- 11/1 Update: From the CIO indicating “some Jeffco staff members received alarming email messages from an external cybersecurity threat actor”
Notably: This communication is clear and to the point. Here’s what’s happening, here’s what we’re doing. Also, there’s a critical piece of transparency here (one I would imagine came at the dismay of some law enforcement agencies): “Our communication timeline will be informed by our law enforcement partners and cyber security experts to ensure the integrity of their investigation.” Being honest that LE is going to set the pace of communications is important!
- In response, they forced a credential reset for all staff accounts. Remember, that’s some 14,000 users!
- 11/4 My Experience: Jeffco students became unable to access accounts over the weekend and were required to reset passwords. This meant managing a password reset event for nearly 80,000 users, some of whom are five. IT and teachers had to collaborate so students could resume school on Monday.
- 11/7 Update: From the CIO indicating that parents are now receiving messages, potentially from a threat actor, regarding stolen data.
At a high level, that’s what I’ve seen. I would sum it up as brutally honest and genuinely helpful communication. In an incident like this, you just don’t know what is actually unfolding. When you start to know, you have to limit what is shared to maintain the integrity of the investigation. Being honest that 1) you don’t know the scope and 2) updates will come out as the investigation allows and 3) updates will not include information that compromises investigation is the best you can do in this situation.
UPDATE 11/7: SingularityMD Claims Incident
Based on an email screenshot I received, SingularityMD is claiming the following stolen data:
- Staff phone, home addresses, title, and ‘other details’
- Parent and student contact information (past and present) – 90,000 students
- Student school email addresses, emergency contacts name, phone and email, student birthdates, 90,000 students
- “Full backup of your IT project management directory
- Some financial documents
- Extracts from Group conversations [Additional information redacted by me] > 2000 conversations and files
- Full extract of IEP’s
I will not be posting the full screenshot, I don’t feel its necessary.
My Initial Thoughts (For Practitioners)
I’m not looking to armchair quarterback here. But as an impacted party with an underlying knowledge of incident response… It seems like the district is taking sound steps to respond to this incident. Credential resets have happened (for some 100,000 users). Certain infrastructure has been taken down or has gone up and down, presumably for forensics. The district is communicating frequently and seemingly to the degree they can in the current state of the incident. Overall, with the very limited information in front of me, I’m seeing a sound response while reminding myself that the best laid plans become guidelines at best when the proverbial “shit hits the fan.”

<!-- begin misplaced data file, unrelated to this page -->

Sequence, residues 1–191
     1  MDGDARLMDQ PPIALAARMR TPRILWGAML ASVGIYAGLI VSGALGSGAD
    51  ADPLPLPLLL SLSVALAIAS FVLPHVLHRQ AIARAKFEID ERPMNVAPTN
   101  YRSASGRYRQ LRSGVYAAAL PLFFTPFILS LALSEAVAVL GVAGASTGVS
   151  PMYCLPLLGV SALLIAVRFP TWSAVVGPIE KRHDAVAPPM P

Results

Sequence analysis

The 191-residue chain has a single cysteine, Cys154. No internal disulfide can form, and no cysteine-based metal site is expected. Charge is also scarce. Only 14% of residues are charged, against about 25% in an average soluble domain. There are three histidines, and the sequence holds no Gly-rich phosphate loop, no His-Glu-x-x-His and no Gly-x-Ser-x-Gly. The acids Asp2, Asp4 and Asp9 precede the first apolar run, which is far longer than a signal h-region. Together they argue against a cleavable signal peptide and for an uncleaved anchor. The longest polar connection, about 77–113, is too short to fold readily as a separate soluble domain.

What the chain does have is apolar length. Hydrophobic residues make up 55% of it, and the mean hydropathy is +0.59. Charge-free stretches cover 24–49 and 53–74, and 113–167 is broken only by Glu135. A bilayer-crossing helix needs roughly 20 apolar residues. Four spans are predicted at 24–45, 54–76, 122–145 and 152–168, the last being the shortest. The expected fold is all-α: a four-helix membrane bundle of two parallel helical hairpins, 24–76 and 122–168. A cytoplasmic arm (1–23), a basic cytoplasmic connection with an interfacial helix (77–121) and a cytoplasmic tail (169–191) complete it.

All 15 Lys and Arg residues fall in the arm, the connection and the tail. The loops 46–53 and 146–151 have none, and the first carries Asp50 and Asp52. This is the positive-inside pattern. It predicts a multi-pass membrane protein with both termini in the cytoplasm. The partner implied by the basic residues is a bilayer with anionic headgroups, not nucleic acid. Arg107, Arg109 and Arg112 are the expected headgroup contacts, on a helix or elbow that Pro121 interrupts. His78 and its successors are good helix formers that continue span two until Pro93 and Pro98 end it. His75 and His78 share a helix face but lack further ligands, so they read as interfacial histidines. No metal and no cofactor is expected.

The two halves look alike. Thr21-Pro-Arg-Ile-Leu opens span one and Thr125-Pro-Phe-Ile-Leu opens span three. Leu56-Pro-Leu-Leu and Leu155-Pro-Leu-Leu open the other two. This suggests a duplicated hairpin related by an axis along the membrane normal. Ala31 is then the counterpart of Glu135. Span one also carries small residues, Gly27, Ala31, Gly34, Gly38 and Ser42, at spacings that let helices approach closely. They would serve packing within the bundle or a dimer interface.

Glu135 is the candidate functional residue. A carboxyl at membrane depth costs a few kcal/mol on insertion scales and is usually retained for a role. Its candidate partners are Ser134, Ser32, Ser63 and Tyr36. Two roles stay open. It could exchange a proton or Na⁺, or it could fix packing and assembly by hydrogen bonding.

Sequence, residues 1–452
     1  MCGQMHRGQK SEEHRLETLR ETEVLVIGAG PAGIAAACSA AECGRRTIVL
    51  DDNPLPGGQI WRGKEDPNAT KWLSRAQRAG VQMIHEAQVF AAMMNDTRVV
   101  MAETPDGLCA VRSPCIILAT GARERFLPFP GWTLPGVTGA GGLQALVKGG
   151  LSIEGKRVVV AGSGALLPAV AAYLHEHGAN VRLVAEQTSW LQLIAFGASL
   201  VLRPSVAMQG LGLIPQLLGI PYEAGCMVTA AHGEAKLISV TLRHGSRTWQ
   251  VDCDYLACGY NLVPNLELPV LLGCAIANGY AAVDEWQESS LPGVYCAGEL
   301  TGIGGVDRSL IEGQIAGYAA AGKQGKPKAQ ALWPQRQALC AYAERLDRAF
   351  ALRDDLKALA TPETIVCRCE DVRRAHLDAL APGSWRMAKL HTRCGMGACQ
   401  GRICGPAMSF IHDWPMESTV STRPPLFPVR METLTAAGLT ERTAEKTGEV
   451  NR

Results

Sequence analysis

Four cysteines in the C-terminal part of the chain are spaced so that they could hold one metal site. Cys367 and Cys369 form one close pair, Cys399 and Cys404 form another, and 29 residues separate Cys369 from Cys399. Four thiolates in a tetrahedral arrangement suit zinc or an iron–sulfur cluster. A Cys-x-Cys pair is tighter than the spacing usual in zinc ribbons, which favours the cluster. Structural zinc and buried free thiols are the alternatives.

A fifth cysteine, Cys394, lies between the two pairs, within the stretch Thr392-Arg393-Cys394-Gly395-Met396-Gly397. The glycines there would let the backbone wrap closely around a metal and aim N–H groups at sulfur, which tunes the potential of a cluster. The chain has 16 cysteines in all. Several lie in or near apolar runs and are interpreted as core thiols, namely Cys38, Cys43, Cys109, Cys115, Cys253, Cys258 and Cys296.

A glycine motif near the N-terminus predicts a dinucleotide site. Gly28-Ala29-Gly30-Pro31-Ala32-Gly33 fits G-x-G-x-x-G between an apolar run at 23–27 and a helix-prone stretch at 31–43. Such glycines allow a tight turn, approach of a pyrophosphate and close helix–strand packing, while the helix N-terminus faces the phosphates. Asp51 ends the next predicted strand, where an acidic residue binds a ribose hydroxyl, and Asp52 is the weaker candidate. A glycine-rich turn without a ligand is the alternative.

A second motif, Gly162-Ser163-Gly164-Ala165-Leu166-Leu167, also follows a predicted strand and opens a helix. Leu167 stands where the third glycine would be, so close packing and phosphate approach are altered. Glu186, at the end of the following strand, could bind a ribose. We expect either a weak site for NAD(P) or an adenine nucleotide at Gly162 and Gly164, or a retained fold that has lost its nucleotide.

Obviously, I don’t know the impact. I also don’t know if some poor posture contributed to this (though I know in my heart it’s likely). I’m not looking to throw shade right now, so I’m not digging into that.
For Less Informed Parents
I’m writing this section for other parents who don’t live in the cybersecurity world, especially other Jeffco parents. First off, less informed isn’t an insult. I wouldn’t expect everyone to understand what is happening, so I’d like to share some insight into living through an incident, as a cybersecurity practitioner.
First and foremost, I would ask that you not throw shade or cast blame. Could there be some critical mistake here? Sure, but it isn’t time to go into that. The men and women charged with protecting your kids’ data are experiencing enough pain right now. An incident like this is crippling. Not just in the sheer amount of work that must happen, but mentally. Try to find empathy. If you’re the responder: You will have the nagging feeling that you somehow failed. You’ll have 100,000 parents demanding answers. You’ll have the board of education on your back. You’ll have news agencies calling left and right. And, you somehow have to keep hundreds of schools, almost 80,000 students, and 14,000 teammates operating. Oh, and you’re working with incident response firms, a whole alphabet of federal agencies, local law enforcement, crisis comms, etc. Dealing with something on this scale is mentally and emotionally crushing, while simultaneously consisting of exhaustion and sleepless nights while you work to recover.